It is increasingly recognized that ecosystem services provide a foundation for the well-being of individuals and society (MEA 2005). Land managers typically strive to enhance particularly desirable services. For example, farmers plant crops and manage the soil and hydrologic conditions to favor crop production. In agricultural regions such as the US Corn Belt, exceptionally high agricultural production has been achieved, but at the expense of other ecosystem services, including abundant wildlife and clean water. In the past, land managers were unaware of these tradeoffs or simply considered them less important in favor of a collective mindset to maximize agricultural production. More recently, however, there has been rising demand for a broader range of ecosystem services coupled with documented degradation of landscape capabilities to provide them. Concern over these circumstances has grown among policymakers, scientists, and conservationists (MEA 2005), and there is now a general recognition that we must be more deliberate in managing our agricultural landscapes for multiple ecosystem services (Brandt and Vejre 2004; Foley et al. 2005; Palmer et al. 2004; Secchi et al. 2008). How should conservation planners go about this task? What methods are available to guide them toward this goal? In this paper, we present a conceptual framework and discussion of some approaches to conservation planning that may help to move this endeavor forward.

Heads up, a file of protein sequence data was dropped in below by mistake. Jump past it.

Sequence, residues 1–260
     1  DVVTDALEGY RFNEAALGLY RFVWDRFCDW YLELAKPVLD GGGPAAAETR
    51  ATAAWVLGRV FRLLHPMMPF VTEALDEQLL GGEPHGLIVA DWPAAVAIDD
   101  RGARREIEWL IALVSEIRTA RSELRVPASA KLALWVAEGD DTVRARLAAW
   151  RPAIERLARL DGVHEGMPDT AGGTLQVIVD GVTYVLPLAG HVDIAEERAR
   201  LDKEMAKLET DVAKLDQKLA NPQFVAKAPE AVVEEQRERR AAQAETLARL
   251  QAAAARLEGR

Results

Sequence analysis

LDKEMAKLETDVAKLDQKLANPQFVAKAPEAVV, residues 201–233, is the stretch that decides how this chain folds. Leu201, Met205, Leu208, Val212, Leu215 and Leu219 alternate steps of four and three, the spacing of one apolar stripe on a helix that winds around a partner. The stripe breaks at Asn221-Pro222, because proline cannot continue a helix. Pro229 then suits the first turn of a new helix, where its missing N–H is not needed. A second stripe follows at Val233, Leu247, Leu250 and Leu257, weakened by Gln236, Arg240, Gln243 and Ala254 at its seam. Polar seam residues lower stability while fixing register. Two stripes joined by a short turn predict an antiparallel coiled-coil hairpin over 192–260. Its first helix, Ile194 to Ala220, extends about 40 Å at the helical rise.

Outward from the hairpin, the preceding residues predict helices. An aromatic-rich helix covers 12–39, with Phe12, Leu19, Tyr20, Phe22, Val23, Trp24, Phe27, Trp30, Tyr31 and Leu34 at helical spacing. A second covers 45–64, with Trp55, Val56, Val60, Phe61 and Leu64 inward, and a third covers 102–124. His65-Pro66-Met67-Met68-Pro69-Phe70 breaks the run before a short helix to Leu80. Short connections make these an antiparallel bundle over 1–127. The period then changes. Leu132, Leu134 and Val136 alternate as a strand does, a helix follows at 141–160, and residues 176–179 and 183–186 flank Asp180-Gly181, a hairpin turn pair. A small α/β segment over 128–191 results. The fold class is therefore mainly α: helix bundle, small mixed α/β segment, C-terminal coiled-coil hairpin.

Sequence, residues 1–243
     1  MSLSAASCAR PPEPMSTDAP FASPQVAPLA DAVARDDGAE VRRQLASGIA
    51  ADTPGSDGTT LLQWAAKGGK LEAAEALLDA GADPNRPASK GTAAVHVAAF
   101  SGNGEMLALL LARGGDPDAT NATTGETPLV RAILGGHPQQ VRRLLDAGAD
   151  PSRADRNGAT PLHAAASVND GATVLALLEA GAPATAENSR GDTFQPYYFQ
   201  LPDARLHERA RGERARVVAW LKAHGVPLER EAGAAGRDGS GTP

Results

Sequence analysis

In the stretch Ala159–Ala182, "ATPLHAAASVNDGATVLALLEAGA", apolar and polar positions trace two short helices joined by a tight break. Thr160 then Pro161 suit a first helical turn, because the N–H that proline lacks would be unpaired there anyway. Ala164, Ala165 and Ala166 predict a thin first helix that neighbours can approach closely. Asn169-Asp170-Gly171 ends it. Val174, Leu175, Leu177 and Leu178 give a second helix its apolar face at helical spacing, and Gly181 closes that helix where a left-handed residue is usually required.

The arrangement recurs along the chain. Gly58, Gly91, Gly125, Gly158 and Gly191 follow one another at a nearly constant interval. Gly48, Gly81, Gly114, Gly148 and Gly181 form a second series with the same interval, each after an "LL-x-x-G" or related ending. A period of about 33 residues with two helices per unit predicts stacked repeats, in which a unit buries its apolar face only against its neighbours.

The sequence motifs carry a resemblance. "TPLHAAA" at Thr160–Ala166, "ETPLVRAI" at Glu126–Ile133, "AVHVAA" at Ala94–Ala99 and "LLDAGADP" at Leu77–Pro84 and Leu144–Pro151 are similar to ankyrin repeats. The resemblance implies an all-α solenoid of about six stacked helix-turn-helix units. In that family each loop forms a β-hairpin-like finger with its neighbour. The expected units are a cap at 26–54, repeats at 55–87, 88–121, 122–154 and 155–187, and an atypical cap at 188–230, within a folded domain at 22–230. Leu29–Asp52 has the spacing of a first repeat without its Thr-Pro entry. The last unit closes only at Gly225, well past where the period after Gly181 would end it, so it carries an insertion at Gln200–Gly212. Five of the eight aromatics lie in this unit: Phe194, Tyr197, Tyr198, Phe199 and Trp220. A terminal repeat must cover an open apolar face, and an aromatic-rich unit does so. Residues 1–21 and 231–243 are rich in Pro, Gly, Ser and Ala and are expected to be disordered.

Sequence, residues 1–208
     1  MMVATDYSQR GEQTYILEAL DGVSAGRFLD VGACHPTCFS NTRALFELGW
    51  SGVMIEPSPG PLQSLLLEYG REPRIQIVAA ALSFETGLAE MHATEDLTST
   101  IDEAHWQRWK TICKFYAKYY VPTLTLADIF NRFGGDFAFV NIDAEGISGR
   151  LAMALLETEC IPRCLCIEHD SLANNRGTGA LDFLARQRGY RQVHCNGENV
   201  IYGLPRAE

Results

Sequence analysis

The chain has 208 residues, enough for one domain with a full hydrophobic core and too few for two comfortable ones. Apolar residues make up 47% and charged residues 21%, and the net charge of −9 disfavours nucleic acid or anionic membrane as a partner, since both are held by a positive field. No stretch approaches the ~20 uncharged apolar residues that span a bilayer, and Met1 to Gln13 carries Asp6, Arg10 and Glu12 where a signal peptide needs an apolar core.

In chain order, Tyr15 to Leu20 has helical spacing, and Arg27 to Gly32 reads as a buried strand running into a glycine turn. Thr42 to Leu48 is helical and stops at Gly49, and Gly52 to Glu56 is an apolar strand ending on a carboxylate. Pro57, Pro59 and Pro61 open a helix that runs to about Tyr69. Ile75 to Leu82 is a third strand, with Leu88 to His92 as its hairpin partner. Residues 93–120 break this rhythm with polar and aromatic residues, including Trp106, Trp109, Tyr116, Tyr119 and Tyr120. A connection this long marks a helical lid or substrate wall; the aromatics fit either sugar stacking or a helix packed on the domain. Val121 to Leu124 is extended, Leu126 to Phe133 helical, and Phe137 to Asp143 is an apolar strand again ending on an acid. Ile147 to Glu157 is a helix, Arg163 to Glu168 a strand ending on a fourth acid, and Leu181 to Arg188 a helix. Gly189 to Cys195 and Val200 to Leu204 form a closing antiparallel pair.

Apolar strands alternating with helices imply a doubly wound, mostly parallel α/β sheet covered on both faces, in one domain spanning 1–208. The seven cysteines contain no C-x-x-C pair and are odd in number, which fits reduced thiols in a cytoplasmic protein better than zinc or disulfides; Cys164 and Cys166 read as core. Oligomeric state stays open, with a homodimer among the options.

Dosskey, Mike; Wells, Gary; Bentrup, Gary; Wallace, Doug. 2012. Enhancing ecosystem services: Designing for multifunctionality. Journal of Soil and Water Conservation 67(2):37A-41A.